©2018 Mary Penich – All Rights Reserved

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The Ongoing Gift of Transfiguration

In mid-February, my husband Mike and I spent seven days in the Holy Land. After we decided to join our friend Nancy Gabriele’s tour, I consistently referenced this trek as “our trip to Israel”. Though our itinerary was well-planned and inclusive, I had no idea of what to expect. After all, two thousand years have passed since Jesus’ birth. When I researched each of the sites we would visit, I wondered if any remnants of Jesus’ presence remained at any of them.

Two days before we left, our suitcases were packed. Our son and a neighborhood friend had agreed to manage the mail, trash pick-up and any snow which might assault our driveway while we were away. There was nothing left for us to do except to review our itinerary, recheck our flight status and take a deep breath. Though Mike is always a willing traveler, I found that I was surprisingly calm and actually anxious to be on our way as well. I normally spend pre-flight days fretting over the tiny airplane seat which would hold me captive for the duration. Rather, I was filled with expectation regarding who and what I would discover in Israel. I couldn’t help smiling with the same joy with which I anticipate family gatherings here at home. Oddly, I felt assured that I was about to embark upon a homecoming unlike any I’d experienced before.

Finally, departure day arrived and we headed to O’Hare Airport. Before I knew it, we’d made our way through security, checked in for our flight and settled into our seats on the plane. I immediately pulled out our itinerary. Caesarea, Nazareth, Cana, The Mount of the Beatitudes, Capernaum and Jerusalem were among the places which seemed oddly familiar to me. The Sea of Galilee, Magdala and Gethsemane brought tears to my eyes as though I’d experienced my own hardships in each of these places. In the midst of my reflection, I prayed that the flight would pass quickly, not out of fear or discomfort, but because I was anxious to breathe in the air and walk the earth which had once sustained my long-ago family. With that, I slept on and off for the duration. When we arrived in Tel Aviv, a man who’d made the flight with us stopped in the midst of our parade to the baggage claim area. Seemingly oblivious to the hurried crowd around him, he knelt and kissed the ground. I smiled as I asked myself why I felt like doing the same. When we paraded out of the terminal, I knew I’d find my long-ago family on the other side.

On this Second Sunday of Lent, we listen once again to the story of the Transfiguration of Jesus. By the time Jesus invited Peter, James and John to accompany him up that mountainside, the disciples had come to respect and to love Jesus very much. On that particular day, Jesus chose to reveal something more about himself which simple words could not express. Jesus’ lessons up to this point had certainly flown in the face of the teachings his friends and all of the people had encountered in the temple. Jesus insisted that what matters most to God is God’s people. Whenever necessary, Jesus had set aside the stern rules which caused God’s loved ones needless hardship. “The Law was made for man,” Jesus insisted, and not the other way around. If that wasn’t revolutionary enough, the trip up that mountainside provided Peter, James and John a glimpse of the treasure which lay at the end of Jesus’ ministry and at the end of his life. When Jesus took on his “after life” appearance, he offered his closest friends a glimpse of the glory which awaits us all. Surely, Peter James and John were never the same after that day. How could they be? Terrible and frightening times followed which eventually stole everything of importance to them. Still, they persisted because that image of Jesus in all of his glory remained etched into their memories and onto their hearts. Imagine the hope in their eyes when Peter, James and John consoled the others with this promise of what would come for them all!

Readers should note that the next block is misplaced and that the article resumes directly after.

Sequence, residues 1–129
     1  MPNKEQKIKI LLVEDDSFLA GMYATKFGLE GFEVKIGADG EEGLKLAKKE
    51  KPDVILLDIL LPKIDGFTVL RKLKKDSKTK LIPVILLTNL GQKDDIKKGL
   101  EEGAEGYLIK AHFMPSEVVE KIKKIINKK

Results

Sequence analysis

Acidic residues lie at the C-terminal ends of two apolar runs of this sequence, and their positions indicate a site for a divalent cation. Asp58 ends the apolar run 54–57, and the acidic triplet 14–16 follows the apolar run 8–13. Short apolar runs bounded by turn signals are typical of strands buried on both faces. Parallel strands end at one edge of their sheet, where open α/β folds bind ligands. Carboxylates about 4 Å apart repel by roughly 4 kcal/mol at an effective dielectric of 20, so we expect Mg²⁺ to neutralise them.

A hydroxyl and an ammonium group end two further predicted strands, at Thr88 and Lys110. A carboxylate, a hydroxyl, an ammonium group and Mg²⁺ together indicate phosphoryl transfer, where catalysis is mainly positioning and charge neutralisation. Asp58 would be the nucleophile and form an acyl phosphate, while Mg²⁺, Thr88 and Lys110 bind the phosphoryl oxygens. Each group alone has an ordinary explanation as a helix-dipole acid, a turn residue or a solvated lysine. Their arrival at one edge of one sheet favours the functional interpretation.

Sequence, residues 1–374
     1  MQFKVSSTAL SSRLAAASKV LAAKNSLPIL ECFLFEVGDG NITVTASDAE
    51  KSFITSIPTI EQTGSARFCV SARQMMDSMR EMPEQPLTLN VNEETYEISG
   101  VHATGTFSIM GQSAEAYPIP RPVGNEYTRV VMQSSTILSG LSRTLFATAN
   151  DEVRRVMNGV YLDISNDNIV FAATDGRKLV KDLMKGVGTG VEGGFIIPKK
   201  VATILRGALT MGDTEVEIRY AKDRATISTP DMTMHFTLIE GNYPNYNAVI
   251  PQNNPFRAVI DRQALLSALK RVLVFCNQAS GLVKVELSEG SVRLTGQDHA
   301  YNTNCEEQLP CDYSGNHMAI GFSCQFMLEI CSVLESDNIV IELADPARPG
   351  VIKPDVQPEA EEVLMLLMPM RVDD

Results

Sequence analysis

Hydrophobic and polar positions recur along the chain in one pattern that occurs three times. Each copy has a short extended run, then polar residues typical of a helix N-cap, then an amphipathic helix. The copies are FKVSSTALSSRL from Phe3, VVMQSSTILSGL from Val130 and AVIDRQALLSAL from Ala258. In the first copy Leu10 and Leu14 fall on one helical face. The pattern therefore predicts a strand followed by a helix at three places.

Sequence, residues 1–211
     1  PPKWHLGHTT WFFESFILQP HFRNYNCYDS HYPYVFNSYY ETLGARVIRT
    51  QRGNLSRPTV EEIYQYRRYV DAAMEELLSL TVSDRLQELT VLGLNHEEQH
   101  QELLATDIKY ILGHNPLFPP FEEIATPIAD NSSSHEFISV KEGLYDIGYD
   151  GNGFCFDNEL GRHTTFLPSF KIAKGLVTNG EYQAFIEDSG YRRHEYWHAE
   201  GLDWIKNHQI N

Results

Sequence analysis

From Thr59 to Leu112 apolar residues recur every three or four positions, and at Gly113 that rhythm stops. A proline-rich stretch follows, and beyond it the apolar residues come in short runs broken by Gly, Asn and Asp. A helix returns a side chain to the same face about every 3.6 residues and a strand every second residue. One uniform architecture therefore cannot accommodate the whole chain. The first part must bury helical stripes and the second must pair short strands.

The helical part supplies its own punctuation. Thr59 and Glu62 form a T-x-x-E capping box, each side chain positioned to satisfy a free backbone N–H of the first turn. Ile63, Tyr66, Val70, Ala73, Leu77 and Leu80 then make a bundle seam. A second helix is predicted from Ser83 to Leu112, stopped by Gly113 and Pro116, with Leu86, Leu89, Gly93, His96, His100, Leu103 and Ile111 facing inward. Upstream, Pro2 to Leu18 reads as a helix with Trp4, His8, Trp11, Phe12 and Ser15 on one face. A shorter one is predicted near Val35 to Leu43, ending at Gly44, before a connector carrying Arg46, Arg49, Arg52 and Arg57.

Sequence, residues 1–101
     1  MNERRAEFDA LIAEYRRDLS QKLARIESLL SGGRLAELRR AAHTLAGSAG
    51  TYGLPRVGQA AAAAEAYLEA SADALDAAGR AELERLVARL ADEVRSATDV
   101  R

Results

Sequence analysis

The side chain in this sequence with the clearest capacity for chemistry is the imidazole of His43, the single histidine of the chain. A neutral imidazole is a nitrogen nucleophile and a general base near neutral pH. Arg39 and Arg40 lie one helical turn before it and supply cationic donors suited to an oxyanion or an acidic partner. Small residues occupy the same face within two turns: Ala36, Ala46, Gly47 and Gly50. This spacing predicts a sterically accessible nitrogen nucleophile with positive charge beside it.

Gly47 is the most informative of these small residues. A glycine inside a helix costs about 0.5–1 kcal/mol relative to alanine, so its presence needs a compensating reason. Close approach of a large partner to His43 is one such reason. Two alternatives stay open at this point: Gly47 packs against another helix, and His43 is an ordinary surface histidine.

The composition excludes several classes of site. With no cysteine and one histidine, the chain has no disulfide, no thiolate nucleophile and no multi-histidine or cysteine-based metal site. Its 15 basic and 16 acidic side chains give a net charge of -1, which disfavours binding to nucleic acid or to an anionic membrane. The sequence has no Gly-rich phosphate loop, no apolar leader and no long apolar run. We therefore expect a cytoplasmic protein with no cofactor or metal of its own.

In Israel, I was gifted with a transfiguration of sorts. I peered into the eyes of an Israeli who likely resembled Jesus’ ancestors. I was inches from a tiny oil lamp dated to Jesus’ time. I sailed the Sea of Galilee with a Messianic Jew who found Jesus in the pilgrims he’d met along the way. I walked the path to Gethsemane which was painfully more familiar than I’d hoped. All of this I did in the quiet company of my long-ago family: Jesus and his mother, Mary Magdalene and the others who remain etched into my memory and onto my heart.

Every day, you and I are invited to experience transfiguration in ourselves and in those we’ve been given to love and to care for along the way.

©2017 Mary Penich – All Rights Reserved